If this goes well…

It is very difficult for white Americans of European descent to understand what life has been like for the first peoples in their own land. Difficult, I believe, because we somehow think that whatever it is we have to ask forgiveness for, it was all in the past. And it wasn’t us, it was an ancestor maybe. And maybe not even one of my ancestors, because all my relatives arrived on the East Coast long after its first inhabitants had been removed—by those other white people.

And there it is—a string of reasons why it is difficult for us to understand our need for repentance.

Last night a group of about 50 Native American United Methodists gathered for a dinner to share a meal and to prepare for tonight’s Act of Repentance. They came from all corners of the United States, representing more than 20 tribal groups. How good it is when brothers and sisters dwell together in harmony. Yet even in the genuine warmth that filled the room, they were remembering why they came.

As they celebrated one another’s accomplishments—that the Rev. David Wilson, a member of the Choctaw Nation from Oklahoma, would stand for bishop, the first viable Native American candidate from the South Central Jurisdiction; or that Rachael Mull, a Navajo from New Mexico, would be the first Navajo to serve as director of Four Corners Navajo Ministry—they pondered why they were counting “firsts” in The United Methodist Church. “Firsts,” after some of the ancestors of the people in the room had felt the spirit of God move them through the words of John Wesley himself, 50 years before the Methodist Europeans arrived to “plant” Methodism on North American soil.

And yet, a couple of those gathered said to me, “If this goes well…who knows?” Have we reached that turning point? More to come…


Like what you're reading?  United Methodist Communications is celebrating 80 years of ministry! Your support ensures the latest denominational news, dynamic stories and informative articles will continue to connect our global community.  Make a tax-deductible donation at ResourceUMC.org/GiveUMCom.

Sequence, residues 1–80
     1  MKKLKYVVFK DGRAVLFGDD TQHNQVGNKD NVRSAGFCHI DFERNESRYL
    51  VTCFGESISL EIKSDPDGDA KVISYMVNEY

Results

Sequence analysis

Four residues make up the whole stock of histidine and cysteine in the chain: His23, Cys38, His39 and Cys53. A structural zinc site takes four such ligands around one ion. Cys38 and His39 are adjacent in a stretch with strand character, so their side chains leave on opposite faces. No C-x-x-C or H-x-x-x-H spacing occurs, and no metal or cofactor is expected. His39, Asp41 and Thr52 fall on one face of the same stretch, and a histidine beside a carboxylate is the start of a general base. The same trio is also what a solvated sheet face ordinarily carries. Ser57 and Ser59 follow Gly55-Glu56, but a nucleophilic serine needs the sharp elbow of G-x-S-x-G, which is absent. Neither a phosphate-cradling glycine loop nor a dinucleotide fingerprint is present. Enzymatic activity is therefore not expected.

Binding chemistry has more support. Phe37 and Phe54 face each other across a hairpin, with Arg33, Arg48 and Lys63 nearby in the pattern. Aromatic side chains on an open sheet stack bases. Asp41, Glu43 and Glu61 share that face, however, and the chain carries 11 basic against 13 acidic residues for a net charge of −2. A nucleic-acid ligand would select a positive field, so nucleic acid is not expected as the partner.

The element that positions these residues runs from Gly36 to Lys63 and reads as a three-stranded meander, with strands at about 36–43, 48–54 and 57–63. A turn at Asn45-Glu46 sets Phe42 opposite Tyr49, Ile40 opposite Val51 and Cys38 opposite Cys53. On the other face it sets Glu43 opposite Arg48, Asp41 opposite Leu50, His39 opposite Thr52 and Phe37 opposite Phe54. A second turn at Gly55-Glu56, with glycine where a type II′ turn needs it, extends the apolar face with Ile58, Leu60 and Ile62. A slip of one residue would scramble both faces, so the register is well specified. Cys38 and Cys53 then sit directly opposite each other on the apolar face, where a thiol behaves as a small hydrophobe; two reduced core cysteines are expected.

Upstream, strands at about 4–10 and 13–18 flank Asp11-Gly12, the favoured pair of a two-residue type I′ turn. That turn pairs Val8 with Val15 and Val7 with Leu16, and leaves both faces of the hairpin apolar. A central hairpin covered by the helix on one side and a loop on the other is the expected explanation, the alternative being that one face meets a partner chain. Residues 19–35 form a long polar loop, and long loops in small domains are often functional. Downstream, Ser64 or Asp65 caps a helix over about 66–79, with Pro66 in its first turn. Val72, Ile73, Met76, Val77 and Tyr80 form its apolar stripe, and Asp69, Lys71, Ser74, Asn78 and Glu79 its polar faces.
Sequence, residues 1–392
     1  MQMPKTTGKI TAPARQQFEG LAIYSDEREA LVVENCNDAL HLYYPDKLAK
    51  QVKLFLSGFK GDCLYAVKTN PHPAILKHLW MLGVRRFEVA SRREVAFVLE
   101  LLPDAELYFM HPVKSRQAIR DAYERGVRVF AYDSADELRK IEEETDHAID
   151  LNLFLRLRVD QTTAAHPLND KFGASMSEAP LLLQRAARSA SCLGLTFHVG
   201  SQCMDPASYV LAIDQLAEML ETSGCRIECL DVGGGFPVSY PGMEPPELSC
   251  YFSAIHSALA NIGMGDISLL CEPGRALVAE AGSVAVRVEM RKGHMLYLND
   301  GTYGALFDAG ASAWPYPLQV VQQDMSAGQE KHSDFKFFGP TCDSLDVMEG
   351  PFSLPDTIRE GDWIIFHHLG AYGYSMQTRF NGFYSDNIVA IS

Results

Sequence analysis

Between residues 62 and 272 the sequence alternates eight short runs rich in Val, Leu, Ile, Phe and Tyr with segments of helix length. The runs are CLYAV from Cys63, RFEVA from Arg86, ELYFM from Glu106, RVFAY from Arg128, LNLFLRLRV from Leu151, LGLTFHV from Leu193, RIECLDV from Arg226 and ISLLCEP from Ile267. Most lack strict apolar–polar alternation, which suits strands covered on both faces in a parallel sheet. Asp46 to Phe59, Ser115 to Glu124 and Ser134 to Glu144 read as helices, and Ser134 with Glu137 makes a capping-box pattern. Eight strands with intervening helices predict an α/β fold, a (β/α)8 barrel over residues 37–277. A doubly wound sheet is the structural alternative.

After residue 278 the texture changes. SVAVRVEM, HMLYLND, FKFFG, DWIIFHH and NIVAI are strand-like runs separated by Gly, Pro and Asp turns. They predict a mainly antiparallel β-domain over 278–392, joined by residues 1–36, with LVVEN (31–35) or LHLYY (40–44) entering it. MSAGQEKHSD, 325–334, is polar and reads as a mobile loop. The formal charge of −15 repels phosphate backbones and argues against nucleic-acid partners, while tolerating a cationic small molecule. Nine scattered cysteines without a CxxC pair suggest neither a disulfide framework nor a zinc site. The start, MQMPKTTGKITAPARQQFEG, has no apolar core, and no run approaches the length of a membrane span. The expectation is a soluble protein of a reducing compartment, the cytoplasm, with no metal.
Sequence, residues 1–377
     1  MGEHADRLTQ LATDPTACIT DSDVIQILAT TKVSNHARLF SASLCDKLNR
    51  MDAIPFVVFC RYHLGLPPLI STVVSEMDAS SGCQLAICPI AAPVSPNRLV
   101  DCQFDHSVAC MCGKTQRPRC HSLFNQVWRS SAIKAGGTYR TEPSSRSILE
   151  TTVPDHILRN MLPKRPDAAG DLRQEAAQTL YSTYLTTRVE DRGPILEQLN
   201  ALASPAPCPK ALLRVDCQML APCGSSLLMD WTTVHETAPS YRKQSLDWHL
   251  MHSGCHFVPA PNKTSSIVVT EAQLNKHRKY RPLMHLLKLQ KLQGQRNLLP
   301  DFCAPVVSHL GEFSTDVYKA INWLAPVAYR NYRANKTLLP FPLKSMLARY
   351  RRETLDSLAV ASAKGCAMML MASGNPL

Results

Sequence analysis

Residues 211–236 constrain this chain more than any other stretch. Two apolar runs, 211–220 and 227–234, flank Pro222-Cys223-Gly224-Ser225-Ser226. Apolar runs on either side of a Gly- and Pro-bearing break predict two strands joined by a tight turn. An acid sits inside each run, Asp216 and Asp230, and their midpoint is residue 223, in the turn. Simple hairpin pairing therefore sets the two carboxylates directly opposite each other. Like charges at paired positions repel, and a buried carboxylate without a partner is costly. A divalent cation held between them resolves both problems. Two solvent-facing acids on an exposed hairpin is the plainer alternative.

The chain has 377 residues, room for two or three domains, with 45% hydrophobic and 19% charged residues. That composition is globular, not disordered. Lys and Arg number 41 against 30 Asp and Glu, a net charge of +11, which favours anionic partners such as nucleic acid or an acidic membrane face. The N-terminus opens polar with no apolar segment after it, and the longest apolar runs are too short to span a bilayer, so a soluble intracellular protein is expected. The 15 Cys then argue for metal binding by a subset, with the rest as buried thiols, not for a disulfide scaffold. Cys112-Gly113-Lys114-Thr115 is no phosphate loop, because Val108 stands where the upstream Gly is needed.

Sign up for our newsletter!

umnews-subscriptions
Racism
The Rev. David Maldonado. Video image courtesy of IMU Latina (Iglesia Metodista Unida Latina) via YouTube by UM News.

Church must hear Hispanic/Latino voices

The lack of voices from Latin America represents a major gap in the global conversations occurring in The United Methodist Church.
Social Concerns
United Methodist Bishop LaTrelle Easterling (right) offers a prayer during an interfaith vigil near the White House on June 3. At left is Washington Mayor Muriel Bowser. United Methodist conferences are confronting the sin of racism through prayers, calls for justice and education on white supremacy. File photo by Melissa Lauber, Baltimore-Washington Conference.

Taking concrete steps to move against racism

United Methodist conferences are confronting the sin of racism through prayers, calls for justice and education on white supremacy.
General Church
United Methodist Bishop Cynthia Fierro Harvey presides over an online meeting of the denomination’s Council of Bishops. Amid financial pressure and a potential denominational split, the council called for postponing elections of new U.S. bishops and urged that five new African bishops be added only as resources allow. UM News screenshot via Zoom.

Council urges no new US bishops for 4 years

Under financial strain, United Methodist bishops recommend postponement of U.S. episcopal elections and slowdown on adding new bishops in Africa.